In “The Possession,” another little girl from a broken, middle-class home becomes a demon’s plaything. Mommy and daddy – Kyra Sedgwick and Jeffrey Dean Morgan – just fell out of love and live in separate houses. Now little Emily (Natasha Calis), who once harbored hope that her parents would reconcile, is crawling around on the kitchen floor, exhaling computer-generated moths, and making nasty faces.
Oh my God, evil. What’s with you? Ever since “The Exorcist,” it’s been the same song-and-crab-dance: Demons don’t kill, divorce does. The only twist on this old-fashioned focus-on-the-family nonsense – the only non-bodily twist (is possession the best chiropractor, or what?) – is that the demon is Jewish. Yes, at a yard sale Emily has her father buy her a big wood box engraved in Hebrew. The box moans and whispers and kicks up the sorts of winds that can whip schoolteachers and old ladies around a room. Its resident is a wayward spirit called a dybbuk, and this particular dybbuk wants the body of an innocent kid. Obviously, there’s a panicked drive to Bensonhurst in the hope of finding the one Hassid willing to violate Shabbat, drive upstate, and perform a kosher exorcism. (It’s the rapper Matisyahu!)
“The Possession” is morally lazy. Juliet Snowden and Stiles White are the credited screenwriters, and there had to be a more subtle way to drive home the divorce-is-bad message than having Sedgwick say to Morgan, “You destroyed this family, but I won’t let you hurt the children!” But this is the sort of movie that needs a line like that to enhance the healing and remorse. A relationship that died of natural causes will live again courtesy of supernatural ones. Some people are touched by Roma Downey and Della Reese. Others? They’re touched by dybbuks.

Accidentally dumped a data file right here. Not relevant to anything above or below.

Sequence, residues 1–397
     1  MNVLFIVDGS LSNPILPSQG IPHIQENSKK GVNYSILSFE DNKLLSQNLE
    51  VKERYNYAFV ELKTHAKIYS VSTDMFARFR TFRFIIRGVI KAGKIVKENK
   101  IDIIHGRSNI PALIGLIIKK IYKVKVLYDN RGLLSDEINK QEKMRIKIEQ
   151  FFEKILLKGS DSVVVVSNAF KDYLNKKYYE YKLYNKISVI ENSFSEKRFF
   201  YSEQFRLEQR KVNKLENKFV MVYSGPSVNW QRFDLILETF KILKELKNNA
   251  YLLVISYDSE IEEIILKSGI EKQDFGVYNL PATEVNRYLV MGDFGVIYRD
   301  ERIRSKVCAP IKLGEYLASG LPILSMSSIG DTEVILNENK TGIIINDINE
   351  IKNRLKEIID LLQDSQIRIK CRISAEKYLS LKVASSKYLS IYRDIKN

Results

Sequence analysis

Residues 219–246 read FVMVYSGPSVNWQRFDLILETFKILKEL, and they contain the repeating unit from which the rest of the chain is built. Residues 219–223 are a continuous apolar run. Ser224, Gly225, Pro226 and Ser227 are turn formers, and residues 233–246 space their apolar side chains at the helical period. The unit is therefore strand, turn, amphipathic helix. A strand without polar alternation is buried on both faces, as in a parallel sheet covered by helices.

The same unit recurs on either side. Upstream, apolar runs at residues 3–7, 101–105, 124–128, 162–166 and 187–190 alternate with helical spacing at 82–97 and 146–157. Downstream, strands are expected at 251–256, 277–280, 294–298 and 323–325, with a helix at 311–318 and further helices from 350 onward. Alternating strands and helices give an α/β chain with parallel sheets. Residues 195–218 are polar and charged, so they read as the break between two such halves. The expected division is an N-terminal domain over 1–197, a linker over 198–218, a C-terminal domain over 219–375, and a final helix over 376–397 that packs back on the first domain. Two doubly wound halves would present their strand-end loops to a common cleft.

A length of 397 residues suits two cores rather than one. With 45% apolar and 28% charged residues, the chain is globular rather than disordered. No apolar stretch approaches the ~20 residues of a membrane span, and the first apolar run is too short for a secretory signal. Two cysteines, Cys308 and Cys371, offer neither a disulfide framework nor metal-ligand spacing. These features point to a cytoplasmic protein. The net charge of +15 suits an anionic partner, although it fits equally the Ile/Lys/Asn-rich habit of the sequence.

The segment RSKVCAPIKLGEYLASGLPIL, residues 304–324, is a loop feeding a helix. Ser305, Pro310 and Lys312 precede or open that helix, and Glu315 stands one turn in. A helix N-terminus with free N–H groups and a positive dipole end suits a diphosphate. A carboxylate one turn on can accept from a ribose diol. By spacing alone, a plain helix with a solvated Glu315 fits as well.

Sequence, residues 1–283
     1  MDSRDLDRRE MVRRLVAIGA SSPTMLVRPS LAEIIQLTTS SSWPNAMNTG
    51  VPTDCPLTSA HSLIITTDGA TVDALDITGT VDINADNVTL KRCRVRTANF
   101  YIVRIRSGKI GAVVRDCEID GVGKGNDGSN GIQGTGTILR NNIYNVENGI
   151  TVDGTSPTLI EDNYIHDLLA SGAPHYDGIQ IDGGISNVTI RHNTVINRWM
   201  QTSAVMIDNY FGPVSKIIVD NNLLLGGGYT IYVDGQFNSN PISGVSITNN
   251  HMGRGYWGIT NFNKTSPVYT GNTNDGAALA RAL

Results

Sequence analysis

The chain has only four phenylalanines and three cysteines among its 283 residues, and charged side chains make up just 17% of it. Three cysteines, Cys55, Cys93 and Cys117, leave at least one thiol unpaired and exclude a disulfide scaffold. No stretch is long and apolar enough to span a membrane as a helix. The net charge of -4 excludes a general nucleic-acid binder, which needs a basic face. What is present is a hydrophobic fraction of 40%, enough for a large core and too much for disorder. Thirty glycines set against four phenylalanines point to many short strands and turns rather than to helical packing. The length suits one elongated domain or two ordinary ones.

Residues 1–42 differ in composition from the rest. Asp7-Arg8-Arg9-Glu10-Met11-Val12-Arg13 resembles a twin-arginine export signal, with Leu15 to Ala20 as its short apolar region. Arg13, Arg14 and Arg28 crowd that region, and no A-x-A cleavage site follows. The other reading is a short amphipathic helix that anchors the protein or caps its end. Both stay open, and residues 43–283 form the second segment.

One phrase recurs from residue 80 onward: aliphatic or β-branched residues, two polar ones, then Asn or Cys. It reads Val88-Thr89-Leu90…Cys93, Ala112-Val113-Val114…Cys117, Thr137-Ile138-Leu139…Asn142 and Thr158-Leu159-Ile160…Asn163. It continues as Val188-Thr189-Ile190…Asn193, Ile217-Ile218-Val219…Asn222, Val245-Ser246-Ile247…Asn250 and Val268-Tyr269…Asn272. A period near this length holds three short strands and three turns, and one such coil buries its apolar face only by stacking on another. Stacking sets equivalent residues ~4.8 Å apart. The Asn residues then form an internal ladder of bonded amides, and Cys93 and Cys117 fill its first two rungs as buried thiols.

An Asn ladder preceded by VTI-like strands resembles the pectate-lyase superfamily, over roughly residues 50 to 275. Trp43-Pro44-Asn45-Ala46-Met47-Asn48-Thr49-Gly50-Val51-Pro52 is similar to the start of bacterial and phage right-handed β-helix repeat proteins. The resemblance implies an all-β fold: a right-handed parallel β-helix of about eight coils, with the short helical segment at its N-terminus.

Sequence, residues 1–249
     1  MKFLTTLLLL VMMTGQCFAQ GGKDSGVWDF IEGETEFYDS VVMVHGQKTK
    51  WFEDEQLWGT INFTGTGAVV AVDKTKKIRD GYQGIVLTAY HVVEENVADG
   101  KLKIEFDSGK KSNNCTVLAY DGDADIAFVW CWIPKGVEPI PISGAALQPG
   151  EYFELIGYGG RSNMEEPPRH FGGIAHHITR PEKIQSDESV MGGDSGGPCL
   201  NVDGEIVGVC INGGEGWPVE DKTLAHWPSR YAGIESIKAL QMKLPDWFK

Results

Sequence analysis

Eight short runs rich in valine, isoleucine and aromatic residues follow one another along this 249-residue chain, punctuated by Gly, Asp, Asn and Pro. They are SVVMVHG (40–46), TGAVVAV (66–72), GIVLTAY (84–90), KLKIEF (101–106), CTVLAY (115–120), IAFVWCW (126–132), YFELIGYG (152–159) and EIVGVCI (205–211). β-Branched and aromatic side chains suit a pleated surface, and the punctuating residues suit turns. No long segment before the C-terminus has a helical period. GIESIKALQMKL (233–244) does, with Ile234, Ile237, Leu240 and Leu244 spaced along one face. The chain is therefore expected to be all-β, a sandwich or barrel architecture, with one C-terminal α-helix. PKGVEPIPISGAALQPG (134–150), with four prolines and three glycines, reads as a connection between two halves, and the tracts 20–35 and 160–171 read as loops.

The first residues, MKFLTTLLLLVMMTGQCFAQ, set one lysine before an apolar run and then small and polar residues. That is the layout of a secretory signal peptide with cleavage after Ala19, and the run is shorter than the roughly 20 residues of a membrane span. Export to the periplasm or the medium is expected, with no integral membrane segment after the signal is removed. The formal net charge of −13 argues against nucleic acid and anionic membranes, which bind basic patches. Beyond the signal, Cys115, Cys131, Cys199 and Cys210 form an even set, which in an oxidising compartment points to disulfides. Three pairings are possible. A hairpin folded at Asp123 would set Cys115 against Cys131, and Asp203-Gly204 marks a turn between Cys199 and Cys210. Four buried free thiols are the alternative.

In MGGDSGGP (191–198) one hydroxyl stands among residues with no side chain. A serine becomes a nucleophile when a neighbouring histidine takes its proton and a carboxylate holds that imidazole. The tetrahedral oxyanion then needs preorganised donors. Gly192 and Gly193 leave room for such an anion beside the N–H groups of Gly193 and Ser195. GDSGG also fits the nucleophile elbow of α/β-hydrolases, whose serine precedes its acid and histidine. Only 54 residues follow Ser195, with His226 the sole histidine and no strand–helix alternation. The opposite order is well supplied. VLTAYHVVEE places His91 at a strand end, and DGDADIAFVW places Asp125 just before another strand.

Anyway, Morgan’s haggard manliness is a selling point. He’s what Javier Bardem would look like if Bardem worked at a shipping-town dive bar. And Calis is a hoot. Yes, the two actors share an extended, regrettable double-entendre about the box that’s sure to be mocked in “Scary Movie 46,” but this girl gives evil her all. Her eyes roll more than mine did. When her face said “Jump,” I asked, “How high?”
On one hand, “The Possession” is just more demonic-possession junk. On the other, there’s some filmmaking in it. The director is Ole Bornedal, a Dane, with a good eye and nice way with framing, be it in a long shot or a close-up. For at least half the movie, there’s rhythm. A creepy scene abruptly cuts to black; we hear the bang of a low piano note and see an aerial shot of a neighborhood.
It’s not Hitchcock or Polanski. It’s not even William “The Exorcist” Friedkin. But when a director bothers to string together shots that last longer than seven or eight seconds, when you feel him trying to create atmosphere and suspense within the camera frame (as opposed to piling on lots of noise and editing), when you can sense him enjoying how stupid his movie is, you’re thankful. His joy is yours, even though most of the scares take a detour into comedy. The audience has seen it all before, and we’re OK to laugh. Horror repeats itself, first as tragedy, then as farce.